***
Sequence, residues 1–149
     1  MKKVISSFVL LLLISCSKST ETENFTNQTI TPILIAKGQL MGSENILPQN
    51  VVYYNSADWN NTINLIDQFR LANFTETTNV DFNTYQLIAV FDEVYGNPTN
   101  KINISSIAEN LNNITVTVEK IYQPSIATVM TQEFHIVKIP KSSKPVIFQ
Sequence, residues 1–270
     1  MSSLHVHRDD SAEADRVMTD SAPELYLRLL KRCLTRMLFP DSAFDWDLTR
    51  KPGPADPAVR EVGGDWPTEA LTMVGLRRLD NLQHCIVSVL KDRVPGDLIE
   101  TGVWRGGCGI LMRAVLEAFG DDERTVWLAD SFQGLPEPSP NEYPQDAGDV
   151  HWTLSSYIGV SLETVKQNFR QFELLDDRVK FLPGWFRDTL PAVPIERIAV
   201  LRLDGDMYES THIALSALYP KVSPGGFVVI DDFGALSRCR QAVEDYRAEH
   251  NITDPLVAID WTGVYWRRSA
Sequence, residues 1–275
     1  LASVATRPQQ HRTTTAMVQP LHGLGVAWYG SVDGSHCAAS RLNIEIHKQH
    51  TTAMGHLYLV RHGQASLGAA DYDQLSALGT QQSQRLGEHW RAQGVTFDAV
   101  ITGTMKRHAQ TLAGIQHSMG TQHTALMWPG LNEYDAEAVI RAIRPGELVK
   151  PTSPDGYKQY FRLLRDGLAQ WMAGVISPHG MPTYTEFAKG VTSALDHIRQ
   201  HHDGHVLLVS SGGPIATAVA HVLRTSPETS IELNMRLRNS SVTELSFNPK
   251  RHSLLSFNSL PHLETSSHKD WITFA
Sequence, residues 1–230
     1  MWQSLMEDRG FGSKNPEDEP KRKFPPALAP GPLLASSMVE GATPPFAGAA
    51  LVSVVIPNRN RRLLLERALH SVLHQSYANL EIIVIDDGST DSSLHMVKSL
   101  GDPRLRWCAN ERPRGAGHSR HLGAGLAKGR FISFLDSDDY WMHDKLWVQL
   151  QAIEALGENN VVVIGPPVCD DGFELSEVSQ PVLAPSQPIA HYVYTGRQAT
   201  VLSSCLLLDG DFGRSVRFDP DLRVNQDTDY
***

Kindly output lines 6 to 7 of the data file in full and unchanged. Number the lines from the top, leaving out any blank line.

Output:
     1  MSSLHVHRDD SAEADRVMTD SAPELYLRLL KRCLTRMLFP DSAFDWDLTR
    51  KPGPADPAVR EVGGDWPTEA LTMVGLRRLD NLQHCIVSVL KDRVPGDLIE